by Ken Rolheiser
The axe of the Apostles

    Once upon a time, a very strong woodcutter was hired by a timber merchant. His boss gave him an axe and showed him the work area. The first day, the woodcutter felled eighteen trees. “Congratulations,” the boss said. “Go on that way!” 
    The woodcutter tried harder the next day, but he could only bring down fifteen trees. The third day, ten trees. “I must be losing my strength,” the woodcutter thought. He went to the boss and apologized, saying that he could not understand what was going on. 
“When was the last time you sharpened your axe?” the boss asked.

We can draw much wisdom from this axe metaphor. The need to exercise is one. A man dropped his daughter off at softball practise and went to the gym. It wasn’t an epic workout, but it was a workout. He knew that to achieve personal and professional goals, he must be physically sharp.

Abraham Lincoln said, “Give me six hours to chop down a tree and I will spend the first four sharpening the axe.” Put time on your calendar to sharpen your axe. As a leader, you will be glad you stayed so sharp.

Spiritually we need to sharpen our axes. The process of sharpening involves grinding metal against metal. It may be painful at times, but our spiritual lives improve with pruning and sometimes pain.

Help from fellow Christians is appropriate. “As iron sharpens iron, so one person sharpens another” (Proverbs 27:17). Seek wisdom from the wise.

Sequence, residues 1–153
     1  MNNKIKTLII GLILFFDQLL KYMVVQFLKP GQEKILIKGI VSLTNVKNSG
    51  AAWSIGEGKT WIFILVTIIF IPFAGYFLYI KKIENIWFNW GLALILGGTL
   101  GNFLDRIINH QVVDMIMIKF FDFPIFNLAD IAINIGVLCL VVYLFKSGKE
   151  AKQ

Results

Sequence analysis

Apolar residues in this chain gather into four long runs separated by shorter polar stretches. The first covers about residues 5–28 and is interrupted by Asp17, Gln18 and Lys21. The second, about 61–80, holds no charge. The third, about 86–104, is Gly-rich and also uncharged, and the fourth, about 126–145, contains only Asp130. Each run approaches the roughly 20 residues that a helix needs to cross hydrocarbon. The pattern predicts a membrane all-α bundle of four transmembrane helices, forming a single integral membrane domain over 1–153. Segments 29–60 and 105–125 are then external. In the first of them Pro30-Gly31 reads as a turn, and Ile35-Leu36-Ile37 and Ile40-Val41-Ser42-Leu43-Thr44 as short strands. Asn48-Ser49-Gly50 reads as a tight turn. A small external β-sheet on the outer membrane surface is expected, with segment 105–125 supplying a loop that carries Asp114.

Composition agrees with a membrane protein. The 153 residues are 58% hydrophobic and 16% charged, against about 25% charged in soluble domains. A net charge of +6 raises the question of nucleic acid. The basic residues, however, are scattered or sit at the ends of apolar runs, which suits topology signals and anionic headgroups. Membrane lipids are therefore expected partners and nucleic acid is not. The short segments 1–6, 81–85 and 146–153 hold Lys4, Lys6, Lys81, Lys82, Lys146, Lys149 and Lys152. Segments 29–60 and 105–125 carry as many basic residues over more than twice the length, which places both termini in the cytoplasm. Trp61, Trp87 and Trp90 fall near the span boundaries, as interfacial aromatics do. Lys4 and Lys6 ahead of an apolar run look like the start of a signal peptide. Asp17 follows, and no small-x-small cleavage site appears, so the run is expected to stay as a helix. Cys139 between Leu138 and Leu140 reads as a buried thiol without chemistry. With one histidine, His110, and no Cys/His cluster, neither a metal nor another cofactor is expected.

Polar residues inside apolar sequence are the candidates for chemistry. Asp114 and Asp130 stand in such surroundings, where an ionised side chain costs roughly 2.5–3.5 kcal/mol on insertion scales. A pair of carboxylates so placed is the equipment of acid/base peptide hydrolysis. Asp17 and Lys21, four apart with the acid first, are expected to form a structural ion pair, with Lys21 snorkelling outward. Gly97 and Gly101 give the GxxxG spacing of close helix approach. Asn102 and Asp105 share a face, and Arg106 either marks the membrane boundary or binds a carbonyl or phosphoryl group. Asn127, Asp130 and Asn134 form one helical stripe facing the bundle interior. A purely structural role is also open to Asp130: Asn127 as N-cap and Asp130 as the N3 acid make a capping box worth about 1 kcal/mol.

What is the benefit of spiritual health? It is the key to physical, social and mental balance. Spiritual health strengthens your immune system, lowers your blood pressure, improves your social well-being, gives you a sense of clarity, gives you quality sleep, and helps you process life events.

In addition to the above Jenny Roland (Spiritual Health: A Comprehensive Guide) points out benefits to Religion and Spirituality which include the following: You’re living your purpose and looking forward to life. You’re contributing to your community with generosity. You notice the beauty of everything surrounding you. You enjoy living in the present. 

Roland points out eighty per cent fewer suicide attempts among those with Religion and Spirituality background. Heal the soul first, then the healing of the mind and body will follow. Zhi Gang Sha.

Other ways to sharpen your spiritual senses include controlling your electronic devices, waiting on God in prayer, meditating on scripture, and daily prayer. Roland cautions us further about what can affect our spiritual health - stress, anxiety, poor diet, smoking and sedentary lifestyles. No surprises here. 

Roland continues with positive suggestions: Invest in yourself – time, money and energy. Keep a journal – writing helps develop deeper thoughts. Reading. Listening to music that uplifts the spirit and brings peace.

Travel. This may be as simple as a visit to the park. Practice meditation and/or yoga. Clear and clean surroundings - clutter causes stress. Connect with your community. Enjoy nature. Practice compassion and forgiveness.

In conclusion to her “Comprehensive Guide to Spiritual Health” Jenny Roland reminds us: your soul also needs love and care. Just because it’s invisible and intangible doesn’t mean it should be left neglected. Your spiritual health … is the path toward deeper self-awareness and inner peace.

A final benefit of keeping your axe sharp: from a children’s Catechism test “Sampson slew 40,000 Philistines with the axe of the Apostles.”

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